Standard Lesson

Get Cooking With Words! Creating a Recipe Using Procedural Writing

3 - 5
Lesson Plan Type
Standard Lesson
Estimated Time
Five 45-minute sessions
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Writing is often one of the more difficult skills for children to master. Consequently, teachers are interested in models of instruction that clearly define the components of good writing or the writing traits. Beginning writers also require instruction in producing specific genres to effectively communicate ideas and messages. To give beginning writers a comprehensive approach to writing, this lesson combines word choice—as a writing trait—with procedural writing—as a genre.

Featured Resources

From Theory to Practice

  • Teachers tend to place a great deal of emphasis on expressive writing; particularly the narrative genre of writing, rather than expository or informational writing genres.

  • In early elementary classrooms, children engage in narrative writing most often.

  • By teaching informational writing (e.g., procedural writing), educators can help to improve the quality of students' written works.

Common Core Standards

This resource has been aligned to the Common Core State Standards for states in which they have been adopted. If a state does not appear in the drop-down, CCSS alignments are forthcoming.

State Standards

This lesson has been aligned to standards in the following states. If a state does not appear in the drop-down, standard alignments are not currently available for that state.

NCTE/IRA National Standards for the English Language Arts

  • 3. Students apply a wide range of strategies to comprehend, interpret, evaluate, and appreciate texts. They draw on their prior experience, their interactions with other readers and writers, their knowledge of word meaning and of other texts, their word identification strategies, and their understanding of textual features (e.g., sound-letter correspondence, sentence structure, context, graphics).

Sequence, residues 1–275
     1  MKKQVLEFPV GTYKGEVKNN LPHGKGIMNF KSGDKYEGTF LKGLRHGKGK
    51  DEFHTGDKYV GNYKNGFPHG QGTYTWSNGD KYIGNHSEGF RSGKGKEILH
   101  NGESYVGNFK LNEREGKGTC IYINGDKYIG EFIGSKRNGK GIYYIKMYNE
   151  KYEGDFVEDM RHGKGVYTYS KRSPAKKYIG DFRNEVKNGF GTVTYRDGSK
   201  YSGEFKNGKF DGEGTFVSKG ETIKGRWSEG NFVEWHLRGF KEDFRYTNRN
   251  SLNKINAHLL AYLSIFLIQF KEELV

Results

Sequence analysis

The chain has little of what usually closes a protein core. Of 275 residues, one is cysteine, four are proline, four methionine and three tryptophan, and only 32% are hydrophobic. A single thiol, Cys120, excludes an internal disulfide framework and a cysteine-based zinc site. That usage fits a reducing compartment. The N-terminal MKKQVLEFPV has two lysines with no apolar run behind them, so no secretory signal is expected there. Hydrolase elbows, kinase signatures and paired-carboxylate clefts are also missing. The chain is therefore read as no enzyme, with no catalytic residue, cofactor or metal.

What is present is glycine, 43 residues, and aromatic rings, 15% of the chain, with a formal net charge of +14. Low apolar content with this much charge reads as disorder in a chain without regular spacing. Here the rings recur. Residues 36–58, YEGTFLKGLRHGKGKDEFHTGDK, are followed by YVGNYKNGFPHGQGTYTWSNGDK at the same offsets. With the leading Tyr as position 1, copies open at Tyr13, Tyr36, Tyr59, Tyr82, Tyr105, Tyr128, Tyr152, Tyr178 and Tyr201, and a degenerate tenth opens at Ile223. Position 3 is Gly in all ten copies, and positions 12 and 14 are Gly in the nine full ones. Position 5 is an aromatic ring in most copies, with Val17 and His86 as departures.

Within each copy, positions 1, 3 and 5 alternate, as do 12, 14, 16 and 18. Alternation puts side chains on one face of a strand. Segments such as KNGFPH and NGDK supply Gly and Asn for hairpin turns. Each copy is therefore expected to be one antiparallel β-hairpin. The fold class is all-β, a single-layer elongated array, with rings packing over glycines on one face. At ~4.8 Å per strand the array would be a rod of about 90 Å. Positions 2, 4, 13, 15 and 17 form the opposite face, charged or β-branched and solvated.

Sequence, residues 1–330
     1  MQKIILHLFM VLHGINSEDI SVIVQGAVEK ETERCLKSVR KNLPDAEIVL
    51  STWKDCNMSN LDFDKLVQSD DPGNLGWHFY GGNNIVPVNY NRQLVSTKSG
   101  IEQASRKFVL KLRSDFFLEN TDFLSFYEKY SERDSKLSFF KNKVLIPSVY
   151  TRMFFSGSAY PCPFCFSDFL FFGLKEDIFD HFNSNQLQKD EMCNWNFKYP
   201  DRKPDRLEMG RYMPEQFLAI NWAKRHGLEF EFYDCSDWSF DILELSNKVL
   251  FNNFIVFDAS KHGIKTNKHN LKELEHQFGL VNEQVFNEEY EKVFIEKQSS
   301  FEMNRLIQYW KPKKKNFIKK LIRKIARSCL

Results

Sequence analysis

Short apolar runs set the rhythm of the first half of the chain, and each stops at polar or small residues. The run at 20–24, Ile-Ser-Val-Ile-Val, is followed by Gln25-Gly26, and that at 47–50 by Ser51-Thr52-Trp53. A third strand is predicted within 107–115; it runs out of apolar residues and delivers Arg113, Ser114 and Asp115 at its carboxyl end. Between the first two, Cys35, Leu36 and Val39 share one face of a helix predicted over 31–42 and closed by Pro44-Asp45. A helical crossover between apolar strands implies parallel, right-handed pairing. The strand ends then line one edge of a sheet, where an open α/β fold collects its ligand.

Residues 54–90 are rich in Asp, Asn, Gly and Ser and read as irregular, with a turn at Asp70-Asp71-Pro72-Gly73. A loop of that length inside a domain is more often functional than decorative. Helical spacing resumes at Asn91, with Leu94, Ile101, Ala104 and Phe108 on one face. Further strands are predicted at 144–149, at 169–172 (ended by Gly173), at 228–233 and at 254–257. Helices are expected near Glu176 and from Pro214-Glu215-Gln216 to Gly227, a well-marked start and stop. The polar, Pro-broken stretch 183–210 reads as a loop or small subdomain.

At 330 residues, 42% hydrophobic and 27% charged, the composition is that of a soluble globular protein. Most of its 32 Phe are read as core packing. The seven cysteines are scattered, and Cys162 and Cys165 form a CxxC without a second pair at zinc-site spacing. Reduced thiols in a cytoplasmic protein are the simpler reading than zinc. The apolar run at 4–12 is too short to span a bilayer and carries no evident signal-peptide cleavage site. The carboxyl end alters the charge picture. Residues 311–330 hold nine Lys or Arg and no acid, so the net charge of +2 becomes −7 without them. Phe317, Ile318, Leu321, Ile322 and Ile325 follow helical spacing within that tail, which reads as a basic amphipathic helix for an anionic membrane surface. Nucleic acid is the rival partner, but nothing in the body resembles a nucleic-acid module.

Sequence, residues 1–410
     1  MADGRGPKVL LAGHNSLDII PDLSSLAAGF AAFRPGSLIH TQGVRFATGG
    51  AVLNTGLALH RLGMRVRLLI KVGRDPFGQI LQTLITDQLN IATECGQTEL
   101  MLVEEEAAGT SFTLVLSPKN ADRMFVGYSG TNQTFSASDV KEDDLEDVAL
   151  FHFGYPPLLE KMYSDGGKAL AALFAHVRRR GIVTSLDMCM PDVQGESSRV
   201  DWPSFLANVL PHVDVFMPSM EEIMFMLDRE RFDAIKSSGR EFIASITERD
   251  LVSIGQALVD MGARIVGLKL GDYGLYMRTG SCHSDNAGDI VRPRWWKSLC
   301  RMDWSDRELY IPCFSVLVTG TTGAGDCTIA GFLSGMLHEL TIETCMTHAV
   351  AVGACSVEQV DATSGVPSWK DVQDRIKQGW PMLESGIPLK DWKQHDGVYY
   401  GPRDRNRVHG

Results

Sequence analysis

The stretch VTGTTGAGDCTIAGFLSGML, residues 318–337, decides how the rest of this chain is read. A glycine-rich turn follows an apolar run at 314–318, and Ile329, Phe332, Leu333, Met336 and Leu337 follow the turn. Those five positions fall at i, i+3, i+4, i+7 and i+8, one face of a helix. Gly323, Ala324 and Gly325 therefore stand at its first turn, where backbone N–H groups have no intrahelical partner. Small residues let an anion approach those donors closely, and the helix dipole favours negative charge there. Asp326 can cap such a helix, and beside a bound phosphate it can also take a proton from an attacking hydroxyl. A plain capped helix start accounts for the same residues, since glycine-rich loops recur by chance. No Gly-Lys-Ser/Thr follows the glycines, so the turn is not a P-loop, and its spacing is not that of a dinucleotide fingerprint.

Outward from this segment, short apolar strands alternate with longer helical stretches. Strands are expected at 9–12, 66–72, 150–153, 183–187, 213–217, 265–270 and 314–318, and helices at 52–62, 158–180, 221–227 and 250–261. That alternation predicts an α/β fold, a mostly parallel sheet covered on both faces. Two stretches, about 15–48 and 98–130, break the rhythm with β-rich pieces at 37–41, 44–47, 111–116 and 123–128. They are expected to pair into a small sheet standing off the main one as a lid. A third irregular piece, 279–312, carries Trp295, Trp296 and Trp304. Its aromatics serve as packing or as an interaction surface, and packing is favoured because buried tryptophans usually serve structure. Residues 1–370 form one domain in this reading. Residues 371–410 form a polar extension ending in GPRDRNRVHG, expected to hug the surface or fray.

• 4. Students adjust their use of spoken, written, and visual language (e.g., conventions, style, vocabulary) to communicate effectively with a variety of audiences and for different purposes.
  • 5. Students employ a wide range of strategies as they write and use different writing process elements appropriately to communicate with different audiences for a variety of purposes.
  • 8. Students use a variety of technological and information resources (e.g., libraries, databases, computer networks, video) to gather and synthesize information and to create and communicate knowledge.
  • 12. Students use spoken, written, and visual language to accomplish their own purposes (e.g., for learning, enjoyment, persuasion, and the exchange of information).

Materials and Technology

  • Piggie Pie! by Margie Palatini (Clarion, 1997)

  • Baloney by Jon Scieszka (Puffin, 2005)

  • Hello, Harvest Moon by Ralph Fletcher (Clarion, 2003)

  • The Wolf Who Cried Boy by Bob Hartman (Putnam Juvenile, 2002)

  • Dog Breath by Dav Pilkey (Blue Sky, 1994)

  • Henny-Penny by Jane Wattenberg (Scholastic, 2000)

  • Stone Soup by Marcia Brown (Aladdin, 1997)

  • Macbeth for Kids by Lois Burdett (Firefly, 1996)

  • Computers with Internet access

  • LCD projector

  • Chart paper and markers




1. Select and read children's literature that exemplifies the effective word choice writing trait. Word choice refers to the use of appropriate nouns, verbs, adjectives, and other parts of speech in a given context. This lesson uses all of the books listed in the Resources section as examples in the lesson. Two examples include:
  • In the book Piggie Pie by Margie Palatini, the author uses many effective adjectives (e.g., grouchy, grumpy, hungry, delicious, delightful, special, sweet, tasty, and yummy).

  • In the book Baloney by Jon Scieszka, a variety of verbs are used to enhance the story (e.g., misplaced, found, drove, grabbed, jumped, launch, used, pop open, turned, blasting, jammed, land, entertained, decided, crowned, forgot, disintegrate, plugging, and erased).